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Bad Eyewitness Identification

criminal defense attorneysThe Supreme Court in the State of Oregon has taken a very progressive approach to eyewitness identifications of suspects in criminal actions. In a unanimous decision, the Oregon Supreme Court changed how eyewitness identification is utilized in criminal prosecutions in Oregon. The court’s ruling shifts the burden of proof. Prosecutors in Oregon now have to show that identification is sufficiently reliable to be considered admissible into evidence at the time of trial. Experts believe that the leading cause of wrongful convictions in the United States is the misidentification of suspects by witnesses.

The Approach In New York

In New York, trial courts assume eyewitness identification of suspects is admissible. For a defendant to keep an eyewitness identification out of the evidence, he or she must show the identification by the eyewitness is unreliable. Courts in New York rely on eyewitness identifications in most criminal trials.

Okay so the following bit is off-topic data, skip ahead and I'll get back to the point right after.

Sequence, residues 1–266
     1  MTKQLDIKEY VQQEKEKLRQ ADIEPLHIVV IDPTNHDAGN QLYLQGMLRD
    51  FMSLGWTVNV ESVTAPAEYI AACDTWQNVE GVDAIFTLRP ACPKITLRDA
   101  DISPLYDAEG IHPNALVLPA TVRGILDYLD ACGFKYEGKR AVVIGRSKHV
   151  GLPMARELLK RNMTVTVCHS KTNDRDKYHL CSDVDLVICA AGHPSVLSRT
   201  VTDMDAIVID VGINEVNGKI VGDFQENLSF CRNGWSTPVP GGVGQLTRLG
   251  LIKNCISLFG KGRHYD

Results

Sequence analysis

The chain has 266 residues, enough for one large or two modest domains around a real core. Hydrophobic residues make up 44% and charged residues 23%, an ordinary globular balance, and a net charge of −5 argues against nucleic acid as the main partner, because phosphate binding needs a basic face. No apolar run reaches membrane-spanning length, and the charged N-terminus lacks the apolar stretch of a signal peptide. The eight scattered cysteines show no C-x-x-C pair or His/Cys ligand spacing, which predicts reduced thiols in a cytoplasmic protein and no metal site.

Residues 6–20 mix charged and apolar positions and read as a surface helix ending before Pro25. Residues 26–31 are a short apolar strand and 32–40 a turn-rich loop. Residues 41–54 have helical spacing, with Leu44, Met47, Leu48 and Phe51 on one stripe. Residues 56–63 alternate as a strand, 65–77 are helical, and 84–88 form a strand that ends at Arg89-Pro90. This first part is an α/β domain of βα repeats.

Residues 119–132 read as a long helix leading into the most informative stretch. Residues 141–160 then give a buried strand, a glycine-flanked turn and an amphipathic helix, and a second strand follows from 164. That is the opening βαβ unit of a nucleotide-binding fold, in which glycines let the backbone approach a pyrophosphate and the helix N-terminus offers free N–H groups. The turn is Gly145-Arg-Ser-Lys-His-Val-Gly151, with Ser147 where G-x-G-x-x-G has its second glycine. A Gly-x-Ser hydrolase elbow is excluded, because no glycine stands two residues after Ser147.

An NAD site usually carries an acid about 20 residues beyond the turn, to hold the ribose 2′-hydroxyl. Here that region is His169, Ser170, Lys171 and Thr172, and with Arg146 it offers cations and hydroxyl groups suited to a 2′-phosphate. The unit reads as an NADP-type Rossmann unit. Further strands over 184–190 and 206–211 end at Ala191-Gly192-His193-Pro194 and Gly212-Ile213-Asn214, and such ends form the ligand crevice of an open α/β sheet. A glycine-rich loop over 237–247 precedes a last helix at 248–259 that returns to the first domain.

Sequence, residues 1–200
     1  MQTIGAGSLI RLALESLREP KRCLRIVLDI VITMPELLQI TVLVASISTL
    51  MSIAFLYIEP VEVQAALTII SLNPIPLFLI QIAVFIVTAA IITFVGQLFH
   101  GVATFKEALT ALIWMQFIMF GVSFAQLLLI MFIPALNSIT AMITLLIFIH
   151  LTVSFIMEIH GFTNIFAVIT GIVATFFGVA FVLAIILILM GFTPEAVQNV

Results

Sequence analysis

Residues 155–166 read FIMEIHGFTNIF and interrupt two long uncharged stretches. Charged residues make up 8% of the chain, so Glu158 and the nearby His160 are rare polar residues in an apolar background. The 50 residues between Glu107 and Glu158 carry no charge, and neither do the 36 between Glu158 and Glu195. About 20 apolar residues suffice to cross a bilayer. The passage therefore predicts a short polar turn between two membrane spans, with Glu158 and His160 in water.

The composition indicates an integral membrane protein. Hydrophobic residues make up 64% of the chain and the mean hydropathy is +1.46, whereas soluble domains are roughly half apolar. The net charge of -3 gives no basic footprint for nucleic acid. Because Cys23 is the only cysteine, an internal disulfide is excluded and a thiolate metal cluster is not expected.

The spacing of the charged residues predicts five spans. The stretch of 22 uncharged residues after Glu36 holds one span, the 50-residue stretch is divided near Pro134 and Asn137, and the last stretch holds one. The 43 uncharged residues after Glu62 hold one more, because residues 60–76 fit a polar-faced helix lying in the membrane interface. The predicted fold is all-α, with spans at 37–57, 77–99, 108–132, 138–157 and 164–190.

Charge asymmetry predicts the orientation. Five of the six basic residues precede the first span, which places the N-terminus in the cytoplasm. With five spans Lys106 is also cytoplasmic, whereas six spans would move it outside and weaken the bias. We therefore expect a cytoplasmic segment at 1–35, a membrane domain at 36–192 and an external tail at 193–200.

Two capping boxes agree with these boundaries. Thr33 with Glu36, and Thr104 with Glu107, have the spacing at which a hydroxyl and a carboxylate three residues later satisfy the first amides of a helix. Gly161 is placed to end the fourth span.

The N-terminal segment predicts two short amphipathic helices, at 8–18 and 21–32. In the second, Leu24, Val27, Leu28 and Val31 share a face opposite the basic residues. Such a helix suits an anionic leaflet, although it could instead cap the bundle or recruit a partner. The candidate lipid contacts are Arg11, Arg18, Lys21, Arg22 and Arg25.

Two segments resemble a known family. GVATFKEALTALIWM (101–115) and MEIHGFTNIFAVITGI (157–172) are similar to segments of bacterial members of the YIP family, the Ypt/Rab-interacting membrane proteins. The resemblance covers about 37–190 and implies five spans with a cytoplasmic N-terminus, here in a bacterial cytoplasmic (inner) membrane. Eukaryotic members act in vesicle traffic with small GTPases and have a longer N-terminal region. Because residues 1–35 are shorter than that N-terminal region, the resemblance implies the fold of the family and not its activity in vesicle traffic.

Memory and Perception Unreliable

The basis of the ruling by the court in Oregon is scientific research showing that memory and perception may not be completely reliable. The court stated “because of the alterations to memory that suggestiveness can cause, it is incumbent on courts and law enforcement personnel to treat eyewitness memory just as carefully as they would other forms of trace evidence, like DNA, bloodstains or fingerprints, the evidentiary value of which can be impaired or destroyed by contamination.” The court also found that even in the event the prosecution can show a well-founded basis for the eyewitness identification, the Judge in the court can still keep the identification out of the evidence if the defendant, through his attorney can establish that this identification was a result of “suggestive police procedures.”


The courts in Oregon are moving in the right direction. The state legislature in New York and the courts should consider a similar progressive approach.

About the author

assistance in criminal casesElliot S. Schlissel, Esq. has been representing individuals in the metropolitan New York area charged with felonies and misdemeanors for more than 35 years. If you are a suspect involved in a criminal case or a defendant in a criminal case call the Law Offices of Schlissel DeCorpo for a free consultation.

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